NEWS

Afternoon Security Brief: Police Scandal Brews in the U.K., U.S. Sued for Torture, and Union Pacific Upgrades Security

By Teresa Anderson

The Telegraph is reporting that an investigation into police misconduct stemming from the recent phone hacking scandals in the United Kingdom has uncovered widespread abuse of the Police National Computer (PNC). The PNC contains records of crimes, suspects, vehicle identification, and license plate data. In the investigation, more than 200 officers accessed the PNC for unauthorized purposes, including selling that information to criminals.

♦ In Vance v. Rumsfeld, a federal appeals court has ruled that two American citizens who were tortured by the U.S. government can proceed with their lawsuit against the United States and former Secretary of Defense Donald Rumsfeld. The two plaintiffs worked for Shield Group Security, an American company that provided contract military services to the U.S. government in Iraq. The men, at the request of the government, became whistleblowers, providing intelligence on employees of Shield Group Security who were potentially involved with illegal arms trading, weapons stockpiling, and bribery. The informants were taken prisoner by Shield Group Security and then turned over to U.S. forces in Iraq where they were held for months and tortured. Eventually they were released. No charges were ever brought against them.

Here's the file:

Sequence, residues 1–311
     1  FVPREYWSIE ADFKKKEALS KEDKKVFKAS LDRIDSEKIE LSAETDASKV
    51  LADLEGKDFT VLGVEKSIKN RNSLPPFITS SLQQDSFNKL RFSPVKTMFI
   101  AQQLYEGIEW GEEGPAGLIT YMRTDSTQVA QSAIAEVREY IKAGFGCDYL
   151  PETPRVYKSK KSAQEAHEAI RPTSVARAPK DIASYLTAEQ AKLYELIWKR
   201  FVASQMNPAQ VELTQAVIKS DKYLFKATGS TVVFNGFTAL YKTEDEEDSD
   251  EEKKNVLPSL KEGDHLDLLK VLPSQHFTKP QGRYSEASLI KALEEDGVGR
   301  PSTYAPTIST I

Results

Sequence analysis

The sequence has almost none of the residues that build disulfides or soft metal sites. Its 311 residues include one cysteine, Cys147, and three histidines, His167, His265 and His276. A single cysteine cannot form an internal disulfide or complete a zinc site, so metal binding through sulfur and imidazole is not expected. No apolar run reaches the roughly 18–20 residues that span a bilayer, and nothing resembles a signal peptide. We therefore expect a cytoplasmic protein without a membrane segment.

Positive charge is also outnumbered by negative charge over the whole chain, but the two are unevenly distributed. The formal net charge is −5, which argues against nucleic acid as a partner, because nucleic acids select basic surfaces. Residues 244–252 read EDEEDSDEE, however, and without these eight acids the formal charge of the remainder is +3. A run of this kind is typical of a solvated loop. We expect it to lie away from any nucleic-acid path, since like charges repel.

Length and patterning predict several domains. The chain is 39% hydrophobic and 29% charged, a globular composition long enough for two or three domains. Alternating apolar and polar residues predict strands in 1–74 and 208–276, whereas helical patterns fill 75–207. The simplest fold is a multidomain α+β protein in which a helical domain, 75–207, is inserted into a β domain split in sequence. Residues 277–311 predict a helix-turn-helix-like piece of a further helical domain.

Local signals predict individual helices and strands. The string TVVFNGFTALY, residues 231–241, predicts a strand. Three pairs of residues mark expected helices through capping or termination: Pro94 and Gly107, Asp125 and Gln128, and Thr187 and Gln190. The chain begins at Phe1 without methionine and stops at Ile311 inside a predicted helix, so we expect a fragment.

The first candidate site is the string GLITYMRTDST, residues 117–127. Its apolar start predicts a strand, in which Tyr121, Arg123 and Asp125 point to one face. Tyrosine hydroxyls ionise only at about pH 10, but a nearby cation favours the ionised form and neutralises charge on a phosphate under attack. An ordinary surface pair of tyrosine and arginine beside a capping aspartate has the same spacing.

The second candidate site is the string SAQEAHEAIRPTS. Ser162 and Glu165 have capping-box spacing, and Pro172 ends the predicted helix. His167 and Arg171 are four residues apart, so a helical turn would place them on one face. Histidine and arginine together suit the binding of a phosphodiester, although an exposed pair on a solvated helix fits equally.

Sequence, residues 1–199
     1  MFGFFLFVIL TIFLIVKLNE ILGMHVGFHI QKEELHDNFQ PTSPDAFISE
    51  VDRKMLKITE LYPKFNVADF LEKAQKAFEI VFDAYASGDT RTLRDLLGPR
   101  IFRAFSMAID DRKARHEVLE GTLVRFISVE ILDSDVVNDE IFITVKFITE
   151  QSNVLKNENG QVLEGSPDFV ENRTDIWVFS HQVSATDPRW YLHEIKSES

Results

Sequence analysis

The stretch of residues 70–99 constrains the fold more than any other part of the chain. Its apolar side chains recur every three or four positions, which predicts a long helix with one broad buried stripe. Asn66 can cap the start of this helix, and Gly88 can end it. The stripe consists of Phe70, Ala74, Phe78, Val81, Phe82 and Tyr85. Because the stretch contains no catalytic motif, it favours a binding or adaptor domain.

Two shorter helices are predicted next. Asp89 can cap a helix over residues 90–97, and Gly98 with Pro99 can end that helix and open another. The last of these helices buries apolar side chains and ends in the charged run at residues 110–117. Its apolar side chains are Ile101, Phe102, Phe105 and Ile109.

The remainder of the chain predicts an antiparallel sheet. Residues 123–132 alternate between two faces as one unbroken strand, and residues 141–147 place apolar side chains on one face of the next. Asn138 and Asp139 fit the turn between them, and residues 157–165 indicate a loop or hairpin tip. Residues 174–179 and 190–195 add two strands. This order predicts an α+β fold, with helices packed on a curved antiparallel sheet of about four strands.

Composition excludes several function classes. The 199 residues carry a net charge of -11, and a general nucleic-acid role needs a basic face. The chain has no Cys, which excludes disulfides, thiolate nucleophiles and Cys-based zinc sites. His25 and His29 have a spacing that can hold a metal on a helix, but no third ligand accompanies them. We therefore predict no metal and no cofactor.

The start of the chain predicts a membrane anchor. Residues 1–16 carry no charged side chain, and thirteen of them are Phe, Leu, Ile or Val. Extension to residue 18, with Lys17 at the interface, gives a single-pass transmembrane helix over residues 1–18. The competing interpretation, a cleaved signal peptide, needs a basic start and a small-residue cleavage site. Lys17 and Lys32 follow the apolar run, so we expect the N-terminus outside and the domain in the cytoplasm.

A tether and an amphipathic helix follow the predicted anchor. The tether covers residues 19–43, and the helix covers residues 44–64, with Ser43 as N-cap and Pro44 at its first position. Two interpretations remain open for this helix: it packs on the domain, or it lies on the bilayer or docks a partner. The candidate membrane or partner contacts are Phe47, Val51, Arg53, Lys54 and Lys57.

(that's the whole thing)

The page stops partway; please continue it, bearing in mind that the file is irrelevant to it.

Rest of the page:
♦ U.S. Customs and Border Protection (CBP) has announced an agreement with Union Pacific railroad to mitigate penalties against the company in exchange for an security enhancements. Penalties against Union Pacific have been on the increase as illegal substances have been discovered on trains coming from Mexico into the United States. CBP agreed to mitigate these penalties if Union Pacific will spend $50 million on supply chain security measures to prevent narcotics trafficking. The security steps will include upgrading security at critical junctures along the Mexico/U.S. lines and partnering with the CBP to form a Rail Fusion Center to identify high-risk shipments.
 

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